I’ve been following Grzegorz Domaradzki’s work for a while. His illustrations just have a hint of clean sketchiness in them (in terms of those lines) that I’ve grown to love. Not only that, he also shows a breakdown of his workflow which definitely adds more of an interesting twist of how calculating his thought process could be foreseen; only to produce more respect at the works’ quality and uniqueness.
Last week i received a jelly in the post supposedly from Dan Wieden. Sealed inside the jelly was a plastic box with a memory stick in it. On loading, it played a film of Dan asking me to hire the person who really sent the jelly.
Talk about effort! The applicant had even done his homework on my jelly wobbling activities. His portfolio was also attached. If i’m honest the film and application caught my attention more than the work did, but still worth a cuppa for all that effort.
Good job Yann! Entertaining and creative indeed.
One can go to the web and try to find a definition for User-Experience Design. They’ll find results such as this:
User experience (UX) is about how a person feels about using a product, system or service. User experience highlights the experiential, affective, meaningful and valuable aspects of human-computer interaction and product ownership, but it also includes a person’s perceptions of the practical aspects such as utility, ease of use and efficiency of the system. User experience is subjective in nature, because it is about an individual’s feelings and thoughts about the system. User experience is dynamic, because it changes over time as the circumstances change.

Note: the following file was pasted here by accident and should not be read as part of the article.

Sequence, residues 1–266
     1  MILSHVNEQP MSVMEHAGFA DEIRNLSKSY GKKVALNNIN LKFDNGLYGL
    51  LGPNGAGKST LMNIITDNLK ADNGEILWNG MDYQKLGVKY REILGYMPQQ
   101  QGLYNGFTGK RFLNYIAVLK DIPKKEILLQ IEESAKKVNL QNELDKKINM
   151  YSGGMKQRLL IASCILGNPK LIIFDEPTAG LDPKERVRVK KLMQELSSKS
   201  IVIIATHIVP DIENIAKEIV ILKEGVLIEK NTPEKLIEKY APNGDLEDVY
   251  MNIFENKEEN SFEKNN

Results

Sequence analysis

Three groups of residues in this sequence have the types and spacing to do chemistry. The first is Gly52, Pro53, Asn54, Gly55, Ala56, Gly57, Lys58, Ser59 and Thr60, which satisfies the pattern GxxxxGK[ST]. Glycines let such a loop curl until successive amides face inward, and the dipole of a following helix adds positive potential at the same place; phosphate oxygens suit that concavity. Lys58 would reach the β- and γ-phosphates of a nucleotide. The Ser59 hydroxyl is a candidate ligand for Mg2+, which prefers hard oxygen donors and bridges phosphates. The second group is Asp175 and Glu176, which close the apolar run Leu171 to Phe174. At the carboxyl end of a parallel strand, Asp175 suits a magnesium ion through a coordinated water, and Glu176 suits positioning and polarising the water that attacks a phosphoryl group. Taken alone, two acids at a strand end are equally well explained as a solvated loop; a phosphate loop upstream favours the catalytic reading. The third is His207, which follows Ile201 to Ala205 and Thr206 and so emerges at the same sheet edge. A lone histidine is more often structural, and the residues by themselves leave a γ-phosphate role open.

But sometimes, animations can do more. Here’s a couple by lyle on Vimeo.
Michael Iva’s manifesto, “100 Ways to Kill a Concept: Why Most Ideas Get Shot Down”.
So, you’ve got an idea. A big idea. But will your idea take flight? Not if you let your concept be killed by all the usual excuses you hear from your managers, your bosses, your spouses—excuses motivated by fear or possessiveness. In this wide-ranging manifesto, Iva offers you ways to persuade someone to embrace your idea, to not be swayed by negative responses, and to utilize your creativity.
Here’s a list of circumstances that usually follows up once a concept is conceived: